Evaluating Classical Credentials
October 17, 2013
Updated March 22, 2018
1 comment 164 views
In 2006 the synod of the Christian Reformed Church changed article 41 of the church order. Up until that point the church order required that delegates to a classis address a series of six questions that began, “Are council, consistory, and diaconate meetings regularly held according to the needs of the congregation?” These six questions were printed on the credentials form and councils would wrestle with them when delegating members to a classis meeting. These six questions were replaced with two broader questions, questions that could not be answered with a simple “yes,” or “no”. It was hoped that these questions that would maintain the idea of mutual supervision while creating room to discuss concerns identified within a classis.
I fully supported the changes. I had been through too many council discussions that focussed on the meaning of words like faithfully and diligently. What does it mean to faithfully lead and stimulate the congregation in obedient stewardship? Could any established Christian Reformed Church really claim to diligently engage in and promote the work of evangelism? We would go around the table with questions like those, two or three times a year, but the reality in the congregation never seemed to change because of it. And classis didn’t seem terribly interested in the results. The credentials committee would make a brief report, there might be a mild reproof to a church that answered something less than “yes”, and that was about it.
The change in article 41 seemed like a step in the right direction, but to the best of my knowledge there has never been an evaluation of the revision. There has been no study to determine whether the revised article 41 has proven to be a more effective way of encouraging mutual accountability among congregation or of addressing issues of common concern. My own observations suggest that the revision has not had the desired results. I’ve observed councils avoid discussion and simply write down the first thing someone said to answer one of the new questions. I’ve listened to credentials reports and suspected that the same thing has happened in other councils. I’ve watched credentials committees refer every question to the classical ministry committee for future discussion. I’ve seen classical leadership try to deal with a backlog of a dozen or more questions, and I’ve wondered whether other classes were experiencing the same thing.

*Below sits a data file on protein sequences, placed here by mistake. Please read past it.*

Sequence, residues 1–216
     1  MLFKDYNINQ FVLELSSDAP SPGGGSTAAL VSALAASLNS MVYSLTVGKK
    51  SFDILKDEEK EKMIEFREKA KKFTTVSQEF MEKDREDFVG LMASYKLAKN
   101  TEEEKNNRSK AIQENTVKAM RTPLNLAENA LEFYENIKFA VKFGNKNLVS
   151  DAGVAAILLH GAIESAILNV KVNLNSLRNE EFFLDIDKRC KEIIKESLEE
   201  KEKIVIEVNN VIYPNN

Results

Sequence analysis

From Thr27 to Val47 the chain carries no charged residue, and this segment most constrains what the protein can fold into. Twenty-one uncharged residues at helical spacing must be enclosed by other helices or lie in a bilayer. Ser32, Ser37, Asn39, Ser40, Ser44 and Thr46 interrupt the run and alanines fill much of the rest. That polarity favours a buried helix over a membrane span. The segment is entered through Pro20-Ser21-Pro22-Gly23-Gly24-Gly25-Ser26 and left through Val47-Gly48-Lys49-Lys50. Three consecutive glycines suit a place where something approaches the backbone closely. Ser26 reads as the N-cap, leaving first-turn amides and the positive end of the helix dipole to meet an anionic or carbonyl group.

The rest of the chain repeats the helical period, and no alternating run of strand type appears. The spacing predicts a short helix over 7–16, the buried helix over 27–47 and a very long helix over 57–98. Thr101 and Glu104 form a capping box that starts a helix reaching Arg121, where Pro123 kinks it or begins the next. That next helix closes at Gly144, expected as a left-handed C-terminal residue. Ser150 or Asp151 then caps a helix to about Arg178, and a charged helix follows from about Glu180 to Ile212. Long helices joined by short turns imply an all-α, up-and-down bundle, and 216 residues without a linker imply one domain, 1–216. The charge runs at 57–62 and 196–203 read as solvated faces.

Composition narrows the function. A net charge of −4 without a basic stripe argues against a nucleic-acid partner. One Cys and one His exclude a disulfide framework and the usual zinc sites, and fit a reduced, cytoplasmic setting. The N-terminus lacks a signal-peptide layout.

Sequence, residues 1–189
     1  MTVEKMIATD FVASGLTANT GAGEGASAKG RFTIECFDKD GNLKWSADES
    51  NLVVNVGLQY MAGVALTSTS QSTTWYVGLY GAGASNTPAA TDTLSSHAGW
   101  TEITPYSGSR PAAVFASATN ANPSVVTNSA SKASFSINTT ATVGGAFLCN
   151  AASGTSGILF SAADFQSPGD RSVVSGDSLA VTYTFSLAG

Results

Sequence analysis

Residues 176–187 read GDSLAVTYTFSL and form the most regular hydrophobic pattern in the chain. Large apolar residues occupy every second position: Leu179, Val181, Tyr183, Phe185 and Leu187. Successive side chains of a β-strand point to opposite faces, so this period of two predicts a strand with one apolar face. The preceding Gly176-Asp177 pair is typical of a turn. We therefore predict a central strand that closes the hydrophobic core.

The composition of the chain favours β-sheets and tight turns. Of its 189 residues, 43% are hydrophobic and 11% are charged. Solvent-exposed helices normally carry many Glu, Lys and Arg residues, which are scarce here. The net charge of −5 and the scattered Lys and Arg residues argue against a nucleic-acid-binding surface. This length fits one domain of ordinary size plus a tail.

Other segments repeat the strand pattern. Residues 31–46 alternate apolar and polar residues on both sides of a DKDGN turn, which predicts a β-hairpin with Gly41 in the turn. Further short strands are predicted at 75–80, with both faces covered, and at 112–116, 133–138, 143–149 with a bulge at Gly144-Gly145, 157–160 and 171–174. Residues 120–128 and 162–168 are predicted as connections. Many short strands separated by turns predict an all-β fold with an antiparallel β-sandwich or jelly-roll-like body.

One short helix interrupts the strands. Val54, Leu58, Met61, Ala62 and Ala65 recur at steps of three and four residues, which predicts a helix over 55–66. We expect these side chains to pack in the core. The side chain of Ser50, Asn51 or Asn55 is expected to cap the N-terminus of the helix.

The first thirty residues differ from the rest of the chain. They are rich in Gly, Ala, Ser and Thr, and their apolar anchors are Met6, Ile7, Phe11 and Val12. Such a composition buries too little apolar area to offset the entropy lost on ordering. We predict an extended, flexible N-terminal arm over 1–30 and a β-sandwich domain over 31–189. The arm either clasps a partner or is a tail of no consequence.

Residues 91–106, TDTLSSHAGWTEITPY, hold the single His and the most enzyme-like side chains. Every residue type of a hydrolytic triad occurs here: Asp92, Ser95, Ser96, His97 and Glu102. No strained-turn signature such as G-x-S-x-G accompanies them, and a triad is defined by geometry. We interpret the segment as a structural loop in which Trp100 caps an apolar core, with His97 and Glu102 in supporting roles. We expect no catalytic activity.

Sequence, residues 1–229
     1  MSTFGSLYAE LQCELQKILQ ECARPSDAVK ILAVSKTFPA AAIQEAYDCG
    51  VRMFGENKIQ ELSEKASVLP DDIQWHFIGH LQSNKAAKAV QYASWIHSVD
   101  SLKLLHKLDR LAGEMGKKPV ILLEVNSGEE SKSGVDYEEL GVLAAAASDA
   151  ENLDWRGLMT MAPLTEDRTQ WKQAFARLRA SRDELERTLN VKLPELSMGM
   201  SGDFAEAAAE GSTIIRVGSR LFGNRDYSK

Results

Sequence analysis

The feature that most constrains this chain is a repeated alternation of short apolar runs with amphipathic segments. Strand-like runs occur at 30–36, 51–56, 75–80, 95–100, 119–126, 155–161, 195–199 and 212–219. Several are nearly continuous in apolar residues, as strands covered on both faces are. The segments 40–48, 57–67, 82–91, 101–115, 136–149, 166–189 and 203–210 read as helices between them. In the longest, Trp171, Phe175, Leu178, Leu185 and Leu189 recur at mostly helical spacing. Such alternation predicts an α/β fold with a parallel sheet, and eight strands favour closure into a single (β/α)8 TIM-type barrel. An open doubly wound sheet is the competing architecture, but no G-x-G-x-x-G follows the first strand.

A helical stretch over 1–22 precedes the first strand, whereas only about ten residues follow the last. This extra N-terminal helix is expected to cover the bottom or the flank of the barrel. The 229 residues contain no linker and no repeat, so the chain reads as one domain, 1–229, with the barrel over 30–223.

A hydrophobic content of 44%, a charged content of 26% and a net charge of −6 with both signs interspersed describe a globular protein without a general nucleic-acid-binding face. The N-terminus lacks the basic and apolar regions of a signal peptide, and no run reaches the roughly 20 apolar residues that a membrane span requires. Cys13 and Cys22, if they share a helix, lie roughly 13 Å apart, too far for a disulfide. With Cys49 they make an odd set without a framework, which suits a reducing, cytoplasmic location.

At least one classis seems to have had similar experiences. Classis Alberta North has attached an addendum to their classical credentials form that asks churches to be more specific when answering article 41 questions. The addendum asks councils to specify what kind of assistance they would like from classis and gives council a number of options to consider. It gives councils some guidelines to consider when suggesting a topic for discussion. The addendum also spells out a process to classis can follow to allow delegates to rank or prioritize the discussion topics that have suggested. I think these suggestions could contribute to more fruitful discussions.
The existence of this addendum, however does suggest that we are still figuring out how to use the revised credentials. In your experience, has the revision accomplished what it was meant to? How has your classis used this form?
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In my experience those credential concerns have led to a number of educational events where a special speaker has come in to talk about a specific topic (say faith formation). The questions have helped change the focus of some classis meetings from business only to education/sharing of ministry concerns. I think it has been helpful.
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